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I Too Am Against Instant Replay

June 4, 2010

Joe Posnanski has, as he usually does, what I think is the definitive take on the Armando Galarraga instant replay situation.  His comments about why he doesn’t like replay are certainly worth reading (indeed, the whole thing is worth reading if you’ve got the time to read Joe Posnanski), but there are some other things there that I feel are better suited for discussion.  Preface: I, like Posnanski, don’t like instant replay.  Actually, you could say that I hate insant replay.  I can’t stand how long it takes, the possibility that literally any play of a football game could be overturned, or (and that is what really grinds my gears) the fact that two people who’ve no vested interest in either team can watch an instant replay and come to two entirely different conclusions about what happened.  Unfortunately, as Posnanski demonstrates, the NFL is just untenable sans instant replay:

Now, that’s the emotional side of things. I don’t LIKE instant replay in the NFL. But, hey, there are a lot of things I don’t like about sports. Beyond what I like or don’t like — I believe wholeheartedly that the NFL needs instant replay — could not in fact survive as the dominant sports league in America without instant replay. Why? Because we are in a place with technology where, the vast, vast, vast majority of the time, replays will prove conclusively whether or not a pass-catcher had feet in bounds, whether the ball crossed the plane of the end zone, whether the ground caused a fumble, whether the quarterback’s arm was going forward. We will know, almost every time, what happened.

…Pro football simply is not credible without instant replay. We have to come accept that the game moves too quickly for referees to make the right calls often enough. And every game in a 16-game schedule is so important. And we have the technology to get those calls right a lot more often. I think people in today’s era simply would rebel against an NFL where there was no recourse for clearly-mistaken calls.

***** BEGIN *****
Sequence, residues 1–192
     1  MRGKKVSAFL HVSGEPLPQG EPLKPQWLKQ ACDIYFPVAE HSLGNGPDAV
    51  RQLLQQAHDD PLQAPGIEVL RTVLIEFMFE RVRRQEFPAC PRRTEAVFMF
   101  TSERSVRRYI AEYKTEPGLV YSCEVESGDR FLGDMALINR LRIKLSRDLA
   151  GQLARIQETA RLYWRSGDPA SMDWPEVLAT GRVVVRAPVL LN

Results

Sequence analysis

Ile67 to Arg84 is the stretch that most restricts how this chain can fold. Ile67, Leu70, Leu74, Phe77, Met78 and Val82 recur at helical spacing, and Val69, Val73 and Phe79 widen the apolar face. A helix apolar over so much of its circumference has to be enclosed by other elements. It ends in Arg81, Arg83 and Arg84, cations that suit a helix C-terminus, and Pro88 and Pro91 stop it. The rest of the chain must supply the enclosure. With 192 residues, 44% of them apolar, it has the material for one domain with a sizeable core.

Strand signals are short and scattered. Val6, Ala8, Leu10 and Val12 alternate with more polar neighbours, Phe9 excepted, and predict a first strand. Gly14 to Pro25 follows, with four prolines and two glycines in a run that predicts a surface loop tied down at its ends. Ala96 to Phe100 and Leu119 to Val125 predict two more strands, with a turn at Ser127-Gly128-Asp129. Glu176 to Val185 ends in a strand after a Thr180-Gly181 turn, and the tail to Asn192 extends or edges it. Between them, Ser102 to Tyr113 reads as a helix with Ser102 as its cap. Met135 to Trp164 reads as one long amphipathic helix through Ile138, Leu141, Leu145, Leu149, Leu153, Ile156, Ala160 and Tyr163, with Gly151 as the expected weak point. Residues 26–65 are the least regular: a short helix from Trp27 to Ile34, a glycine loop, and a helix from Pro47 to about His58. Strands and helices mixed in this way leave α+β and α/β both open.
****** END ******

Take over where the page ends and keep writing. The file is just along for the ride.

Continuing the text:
Okay, I’ll consent this one.  An NFL where the Music City Miracle doesn’t get reviewed is not the most popular sport in America (by the way, I’m obligated to say this: the refs still blew that one).  It’s not a possibility anymore because everybody knows just seconds after the play whether or not the call was right.  There are still problems with it, though, that people don’t notice.

The most glaring example, aside from the decision on whether or not the quarterback’s arm is going forward when he throws (which is still highly vague), is the “down by contact” rule.  Used to, if the refs ruled a ball carrier down by contact, i.e. that the player was down before he fumbled, then the play was not subject to replay.  You couldn’t go back and change the call to a fumble because that meant you were opening up a Pandora’s box of “What would have happened after he fumbled?”  In 2006, the NFL changed that rule because of the credibility issue that Posnanski brings up—it was trying to restore some credibility to the “down by contact rule”.  Now, players can play through the whistle in order to recover a fumble. Normally, you’d get a personal foul for playing through the whistle.  Now, the NFL has institutionalized playing through the sound that’s supposed to stop play in the name of getting the call right.  That’s what we saw in that ridiculous Saint-Redskins debacle last year.  As Chris Chase notes, “Whistles can’t be the end-all, be-all of play stoppage on one down and then be a mere suggestion the next.”